Image Encoding (watermarking) – read me first
Encoding images with Linkz is easy. But certain ground rules are necessary. Just as images for Web, video and print all have different production characteristics, images for Linkz requires a few guidelines. Generally speaking – if you can print an image – you can upload and encode it with Linkz.
- You must provide the final print size of the image. Remember – cropping an image is fine (Linkz watermarks are repeated throughout the image) but enlarging or reducing an image plus or minus 10 to 15% will start to degrade the speed of the payoff when scanned by the smart phone.
- “Image width” is the actual dimension of the image if it was printed with no cropping, no reduction and no enlargement – not the necessarily the size of the image in a page layout application. Often, an image is enlarged or reduced more than 10% in a layout application – using the layout application dimensions will result in poor scanning. If you reduce or enlarge the image in your layout application, this scaling factor must be taken into account in the Linkz “Image Width” dimension. Generally, cropping an image in your layout application is fine – provided there is enough of the image to be scanned – typically at least 3x3cm.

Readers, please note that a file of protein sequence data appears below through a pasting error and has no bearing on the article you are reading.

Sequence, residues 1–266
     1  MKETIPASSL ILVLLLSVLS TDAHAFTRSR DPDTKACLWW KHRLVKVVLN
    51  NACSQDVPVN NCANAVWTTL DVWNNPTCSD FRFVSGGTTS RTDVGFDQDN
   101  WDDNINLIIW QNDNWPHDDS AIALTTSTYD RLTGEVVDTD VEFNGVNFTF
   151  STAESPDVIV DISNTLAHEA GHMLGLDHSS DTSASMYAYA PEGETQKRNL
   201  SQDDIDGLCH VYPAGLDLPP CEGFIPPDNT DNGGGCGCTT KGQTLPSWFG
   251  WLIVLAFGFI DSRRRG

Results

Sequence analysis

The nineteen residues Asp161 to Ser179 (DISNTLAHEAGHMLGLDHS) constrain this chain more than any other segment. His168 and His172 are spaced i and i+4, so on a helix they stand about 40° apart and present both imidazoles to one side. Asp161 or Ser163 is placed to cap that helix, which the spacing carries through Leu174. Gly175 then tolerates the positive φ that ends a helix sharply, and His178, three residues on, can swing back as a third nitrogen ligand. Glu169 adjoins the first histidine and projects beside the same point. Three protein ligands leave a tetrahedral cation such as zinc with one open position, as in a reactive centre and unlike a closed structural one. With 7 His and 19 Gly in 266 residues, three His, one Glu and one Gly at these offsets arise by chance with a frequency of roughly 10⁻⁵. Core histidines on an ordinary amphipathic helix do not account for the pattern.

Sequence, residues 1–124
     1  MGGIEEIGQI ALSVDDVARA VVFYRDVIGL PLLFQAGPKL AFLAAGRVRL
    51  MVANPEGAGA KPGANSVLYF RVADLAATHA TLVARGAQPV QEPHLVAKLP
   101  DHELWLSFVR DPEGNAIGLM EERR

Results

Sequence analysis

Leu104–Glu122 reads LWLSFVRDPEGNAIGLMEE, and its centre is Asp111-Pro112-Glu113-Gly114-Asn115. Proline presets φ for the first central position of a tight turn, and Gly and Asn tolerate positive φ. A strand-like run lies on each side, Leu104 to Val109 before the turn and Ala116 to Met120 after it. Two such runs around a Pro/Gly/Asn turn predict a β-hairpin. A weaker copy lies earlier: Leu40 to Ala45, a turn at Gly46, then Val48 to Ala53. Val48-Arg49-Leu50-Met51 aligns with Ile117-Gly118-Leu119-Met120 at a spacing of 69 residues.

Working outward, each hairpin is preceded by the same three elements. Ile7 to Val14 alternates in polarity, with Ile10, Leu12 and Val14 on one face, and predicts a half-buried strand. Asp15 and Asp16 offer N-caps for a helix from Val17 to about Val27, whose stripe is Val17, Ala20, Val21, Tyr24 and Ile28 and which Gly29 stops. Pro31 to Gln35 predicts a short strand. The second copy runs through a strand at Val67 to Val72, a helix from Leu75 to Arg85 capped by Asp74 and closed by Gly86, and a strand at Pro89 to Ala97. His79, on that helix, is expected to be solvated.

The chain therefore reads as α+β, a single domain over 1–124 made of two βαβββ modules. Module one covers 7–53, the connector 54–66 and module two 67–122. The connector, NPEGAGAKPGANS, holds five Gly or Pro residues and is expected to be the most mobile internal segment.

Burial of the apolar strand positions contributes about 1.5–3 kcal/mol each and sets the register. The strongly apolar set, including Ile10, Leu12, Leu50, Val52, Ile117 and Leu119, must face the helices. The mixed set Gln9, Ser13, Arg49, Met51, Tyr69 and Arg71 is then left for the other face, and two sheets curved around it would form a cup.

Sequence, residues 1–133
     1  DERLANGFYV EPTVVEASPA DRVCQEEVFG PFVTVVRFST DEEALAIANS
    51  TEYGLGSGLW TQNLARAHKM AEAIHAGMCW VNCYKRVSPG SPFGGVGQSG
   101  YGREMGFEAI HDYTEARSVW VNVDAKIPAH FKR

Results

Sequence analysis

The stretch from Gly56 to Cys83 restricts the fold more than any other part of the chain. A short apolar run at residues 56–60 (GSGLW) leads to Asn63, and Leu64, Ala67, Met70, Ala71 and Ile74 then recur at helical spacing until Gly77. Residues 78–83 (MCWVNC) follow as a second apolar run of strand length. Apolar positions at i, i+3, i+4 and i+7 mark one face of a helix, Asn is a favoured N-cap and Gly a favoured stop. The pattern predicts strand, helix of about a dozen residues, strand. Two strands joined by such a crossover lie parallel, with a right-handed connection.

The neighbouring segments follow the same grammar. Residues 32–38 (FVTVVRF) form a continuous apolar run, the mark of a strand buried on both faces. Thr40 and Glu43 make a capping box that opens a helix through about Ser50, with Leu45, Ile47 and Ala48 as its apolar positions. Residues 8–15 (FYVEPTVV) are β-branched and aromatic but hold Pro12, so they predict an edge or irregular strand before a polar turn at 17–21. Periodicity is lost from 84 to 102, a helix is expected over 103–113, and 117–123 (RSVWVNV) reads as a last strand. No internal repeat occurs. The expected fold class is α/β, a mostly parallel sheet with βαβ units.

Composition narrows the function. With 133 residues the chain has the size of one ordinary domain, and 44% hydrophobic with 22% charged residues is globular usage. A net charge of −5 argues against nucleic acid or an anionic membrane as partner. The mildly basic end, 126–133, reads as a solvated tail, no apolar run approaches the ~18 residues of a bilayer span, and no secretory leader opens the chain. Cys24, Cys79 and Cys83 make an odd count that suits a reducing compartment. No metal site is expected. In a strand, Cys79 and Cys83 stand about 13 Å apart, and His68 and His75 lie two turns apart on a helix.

- Images must be a JPEG or TIFF file. See the PDF handling FAQ page to see how to deal with vector or PDF files. Of course, for a fee, we will do the required adjustments.
- Encoding must have color data to work with – this means image areas with little to no dots when printed will not scan. At the other end, if an image’s density is too large – over 300% ink coverage for CMYK or 85% for single color – scanning can fail as the smartphone camera cannot distinguish tonal variations in the image.
In short – no pure whites and no super heavy densities. But despair not! See the How to work with Text FAQ for how to deal with areas of very low color data.